Talking Through Tough Topics

Sex. Drugs. Alcohol. Violence. Aids. Relationships. All tough topics but important ones that must be discussed with our children. How do we approach these difficult topics and handle them in an age appropriate manner?

Make it a priority. Make the time to talk to your child a priority. Sometimes life can get too busy and talking time becomes hard to find. Take advantage of everyday moments to talk. Use time in the car, meals, or even television time talk about things that matter. These easy conversations will lay the groundwork for more difficult conversations later on.

Start early. In today’s society, our children are faced with more access to knowledge than at any other time in history. They are forced to process information on difficult and sometimes adult subjects at a young age. By talking with them, you give them the benefit of your knowledge, experience and wisdom. Also, increasing research shows that children, even teens, really do value the opinions of their parents. So, before they hear the information from a source that does not share the values you want to instill in your children, talk with them early and often.

Make the first move. It would be wonderful if our children came to us every time they had a question or wanted to express a concern. However, this is not always the case. Sometimes, you will have to take the initiative. Take advantage of normal occurrences and use them as ice breakers to broach difficult subjects. Discuss the television shows you watch or the movies you see. Discuss situations that occur at school or in afterschool settings. Ask your child his/her opinion. Asking a few simple questions can open the door to an important conversation.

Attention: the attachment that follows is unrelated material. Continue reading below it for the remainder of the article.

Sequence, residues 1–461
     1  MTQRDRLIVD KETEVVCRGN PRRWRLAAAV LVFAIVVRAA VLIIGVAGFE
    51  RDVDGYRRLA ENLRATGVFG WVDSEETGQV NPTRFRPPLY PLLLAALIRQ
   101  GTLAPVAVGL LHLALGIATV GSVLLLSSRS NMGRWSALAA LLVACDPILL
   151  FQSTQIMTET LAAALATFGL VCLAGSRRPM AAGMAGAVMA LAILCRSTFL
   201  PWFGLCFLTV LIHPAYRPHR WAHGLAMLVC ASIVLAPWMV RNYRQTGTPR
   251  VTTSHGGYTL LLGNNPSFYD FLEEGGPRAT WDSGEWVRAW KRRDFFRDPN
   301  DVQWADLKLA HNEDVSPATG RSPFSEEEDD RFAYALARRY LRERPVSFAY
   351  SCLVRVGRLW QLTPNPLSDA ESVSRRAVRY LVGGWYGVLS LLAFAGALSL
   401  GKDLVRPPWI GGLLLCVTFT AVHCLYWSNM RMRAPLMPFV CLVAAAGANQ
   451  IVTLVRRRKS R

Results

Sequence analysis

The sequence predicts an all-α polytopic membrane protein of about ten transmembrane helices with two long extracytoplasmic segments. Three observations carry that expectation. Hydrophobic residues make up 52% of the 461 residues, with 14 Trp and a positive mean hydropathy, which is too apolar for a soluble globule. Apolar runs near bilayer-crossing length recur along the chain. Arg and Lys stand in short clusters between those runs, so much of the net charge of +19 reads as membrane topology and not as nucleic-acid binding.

Stay age appropriate. Do not overwhelm your child with words, phrases and subject matter that are beyond their understanding and level of maturity. For example, a detailed discussion of adult sexual behavior would be inappropriate for a six year old. However, at the age of six, a child can know proper hygiene and how to recognize inappropriate touching.  This is especially important if you have children of various ages. Try to have individual conversations so that each child receives the benefit of your individual attention and a conversation that caters to their stage of development.

Share your values.  Take advantage of this opportunity to give your children your side and instill your values. If you start talking with them early, you have a better chance of getting your principles in before they are bombarded with the media images and uncensored conversations they will hear later.

Be prepared to have important conversations more than once. During their lifetime, you will have several opportunities to strengthen your relationship with your child as you converse about many different topics. The more you talk, the easier it will become.

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Talking Through Tough Topics